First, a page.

Giphy

Aarushikrishnan

India

18
Chicago-Bangalore
Writing soothes my soul
Drop a comment on any of my works if you want a peer review and I shall be there for you!

Message to Readers

This was a very personal piece for me to write. I sincerely hope you enjoyed reading it, and I'm looking forward to your feedback!

The Scrapbook Girl

December 5, 2018

'Chellam, come down!'

My mother's voice barely registers. This scene- me in my room, my mother calling me from the kitchen- is so familiar to me that the Tamil sprouting from her lips no longer confuses me, and I now have a strong enough grip of the language to warble back a reply. 'Give me two minutes!'

This is a lie and I know it. I do know that right now, my place is downstairs. My extended family is in the living room, waiting to meet me and exalt over me in a way only Asians know how. They seem to be more proud of my accomplishments than I am.

But I can't tear myself away from my laptop. The calendar on my desktop diligently counts away days at the same pace it always has, heedless of my rising panic. College application season is upon me, and I feel so very unprepared for the life of quasi-adulthood that awaits. As I pour through my essays for the umpteenth time, however, I know that there is nothing left to polish. I've gone through my credentials enough that it seems to be permanently burnt into my retinas. Now the only thing I can do is wait. 

I walk downstairs with my lead-lined heart somewhere in the pits of my stomach. I have no energy to deal with my family, not now. 

'AARUSHI!' 

I am greeted with the whirlwind that is my five-year-old cousin. His energy is relentless, and as he bounces off my hip he asks me if I ate the snacks our pati made us. And do I want to play Wii with them? Or watch a movie? A trip to the park, at the very least?

I manage a smile, and send him off squealing with some tummy tickles. I take a moment to breathe when I feel a pair of comfortably familiar arms envelope me- it's my pati, my father's mother. 

I try to bring a curve to my lips, but my grandmother will not be fooled as easily as my cousin was. She looks through my shabby front and sees me, the drawn facethe bags under my eyes that are now permanent guests. 

She doesn't say anything, but guides me to the main table. It's gleaming with decadence, the highlight my mother's famed kueh nastar, or pineapple tarts. As the only Singaporean in an all-Indian family, I'm sure my mother feels out of place at times, but December is always for her to shine. For a month, our table will be laden with these delicacies, and my mother never feels happier than when preparing feasts taught to her by her now-departed mother. 

I take a handful and walk into my garden. It's well into December, but India hasn't seemed to have gotten the memo. Bright afternoon sunlight streams down from the heavens, seeming to set everything aglow. I sit down and take a bite of a tart, relishing in the pineapple-y goodness. From my vantage point I can see my sister and cousins putting finish touches on our tree. We are a scrapbook of a family, collecting bits of tradition from wherever we go- we have a Christmas tree next to our Hindu prayer room, Singaporean sweets next to Indian lunches.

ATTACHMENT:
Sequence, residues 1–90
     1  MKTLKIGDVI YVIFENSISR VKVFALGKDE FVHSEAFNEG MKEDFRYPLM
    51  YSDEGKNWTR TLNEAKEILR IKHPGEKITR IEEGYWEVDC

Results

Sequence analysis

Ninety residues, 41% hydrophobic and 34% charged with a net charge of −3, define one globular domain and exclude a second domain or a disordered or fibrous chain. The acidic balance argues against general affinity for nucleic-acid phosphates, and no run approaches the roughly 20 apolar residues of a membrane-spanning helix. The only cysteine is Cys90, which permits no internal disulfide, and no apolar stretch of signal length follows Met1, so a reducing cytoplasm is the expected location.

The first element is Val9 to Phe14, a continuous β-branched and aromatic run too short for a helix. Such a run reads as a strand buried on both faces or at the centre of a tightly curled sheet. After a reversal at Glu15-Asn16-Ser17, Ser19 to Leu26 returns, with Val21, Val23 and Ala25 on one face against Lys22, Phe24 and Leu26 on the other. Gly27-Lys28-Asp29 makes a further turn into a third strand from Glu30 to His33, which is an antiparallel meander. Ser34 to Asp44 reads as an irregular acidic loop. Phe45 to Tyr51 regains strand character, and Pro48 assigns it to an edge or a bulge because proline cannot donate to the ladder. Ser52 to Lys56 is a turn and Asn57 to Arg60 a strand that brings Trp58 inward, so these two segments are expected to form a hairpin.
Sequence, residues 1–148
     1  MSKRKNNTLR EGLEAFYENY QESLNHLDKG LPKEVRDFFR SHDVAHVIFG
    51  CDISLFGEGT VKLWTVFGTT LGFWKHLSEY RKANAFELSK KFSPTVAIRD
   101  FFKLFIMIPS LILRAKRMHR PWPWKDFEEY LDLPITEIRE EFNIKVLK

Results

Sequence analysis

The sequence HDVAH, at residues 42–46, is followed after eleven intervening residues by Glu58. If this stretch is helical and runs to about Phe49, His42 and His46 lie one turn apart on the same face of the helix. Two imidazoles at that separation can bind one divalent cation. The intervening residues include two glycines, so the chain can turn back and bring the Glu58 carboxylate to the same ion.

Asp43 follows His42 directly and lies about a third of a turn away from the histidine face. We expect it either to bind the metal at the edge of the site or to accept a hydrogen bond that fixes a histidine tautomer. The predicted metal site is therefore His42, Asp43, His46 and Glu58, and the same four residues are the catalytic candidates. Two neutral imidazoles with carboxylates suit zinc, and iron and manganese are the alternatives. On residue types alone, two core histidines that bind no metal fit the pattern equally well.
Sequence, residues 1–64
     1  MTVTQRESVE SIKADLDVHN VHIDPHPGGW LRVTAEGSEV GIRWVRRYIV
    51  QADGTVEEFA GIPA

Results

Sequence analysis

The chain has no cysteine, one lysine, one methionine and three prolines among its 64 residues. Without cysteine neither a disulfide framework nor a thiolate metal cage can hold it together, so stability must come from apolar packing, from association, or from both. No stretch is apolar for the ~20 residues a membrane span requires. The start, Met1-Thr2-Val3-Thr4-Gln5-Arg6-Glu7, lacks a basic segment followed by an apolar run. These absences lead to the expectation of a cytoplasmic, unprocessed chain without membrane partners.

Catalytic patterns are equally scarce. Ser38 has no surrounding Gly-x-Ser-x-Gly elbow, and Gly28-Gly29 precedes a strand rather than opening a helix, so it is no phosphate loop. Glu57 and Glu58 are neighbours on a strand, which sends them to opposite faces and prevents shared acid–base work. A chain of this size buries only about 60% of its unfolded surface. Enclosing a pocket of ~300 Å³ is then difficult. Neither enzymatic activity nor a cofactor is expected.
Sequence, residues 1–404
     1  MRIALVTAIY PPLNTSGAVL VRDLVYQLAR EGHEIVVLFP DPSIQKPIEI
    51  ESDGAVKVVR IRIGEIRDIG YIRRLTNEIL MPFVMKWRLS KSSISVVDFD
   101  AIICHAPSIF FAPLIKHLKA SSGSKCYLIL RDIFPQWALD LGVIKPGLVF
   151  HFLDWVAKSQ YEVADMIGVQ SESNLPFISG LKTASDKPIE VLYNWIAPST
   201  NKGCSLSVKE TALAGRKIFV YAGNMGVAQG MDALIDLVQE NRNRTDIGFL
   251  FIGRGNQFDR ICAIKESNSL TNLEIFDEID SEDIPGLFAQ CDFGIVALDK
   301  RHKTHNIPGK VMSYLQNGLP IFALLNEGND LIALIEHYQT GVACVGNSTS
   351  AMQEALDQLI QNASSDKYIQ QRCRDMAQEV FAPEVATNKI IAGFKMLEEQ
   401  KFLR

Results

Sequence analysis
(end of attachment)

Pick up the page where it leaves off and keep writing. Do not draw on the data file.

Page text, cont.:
The sun is relentless, and I scootch over to hide from its glare. If I was back home in Chicago, my house would have been under a foot of snow. We would have made hot cocoa together, maybe listened to some carolers. Subconsciously I know it's been more than seven years since I've lived in the States, but December always seems to amplify my longing to go back.

And if all goes well, soon I will be going back. My life seems to be passing by with me only as a passenger, and I am too scared to peek through my fingers and look at the destination. College life will be completely different from what I'm used to, though. For the first time in eighteen years I won't be with my family, and I will be all alone with my thoughts.

What if the me I know now is completely different from the me I will become in college? With no one to watch over me, I have no idea if I can manage by myself. When baby birds grow up, they're made to fly by being pushed out of the nest. I'm in a nosedive on the way to the big, big world, and only I can prevent myself from crashing. 

My sticky web of thoughts is interrupted by a door slamming open. It's my sister, beaming from ear-to-ear. 'Come on, we're putting the angel on the tree!'

I get up. As I make my way to my family, I seem to momentarily have left my weariness behind. I don't know exactly what it is, but my feet seem lighter than they have felt in a long time. I don't question it, because I do not need to. The Great Tomorrow can wait. I think I'll take some time out to focus on the now.


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3 Comments
  • Dani A. Remlap

    This is such a lovely, evocative piece. For a moment, I was enveloped in your home and your world. You've done an amazing job on this. Thank you for sharing this piece of yourself


    7 months ago
  • lyndseyt270

    I relate to this so much. I looked up the pineapple tart because it sounded really similar to to the ong lai sou (okay, super clueless how to translate Taiwanese into English spelling), or the pineapple pastry, in Taiwan, which my sister looooves. I can also understand that longing to go back to the States and seeing college as that way out. Wonderful piece, good luck on college applications (or if this was referring to a time long ago, good luck at life now), college apps sound scary.


    8 months ago
  • Quille

    This was definitely an enjoyable read. I can really relate to it. This piece really showcases your excellent style of writing and pulls the reader right into the character's emotions. Awesome job with this one--very awesome :D
    God Bless you and your family this holiday and always :DD


    8 months ago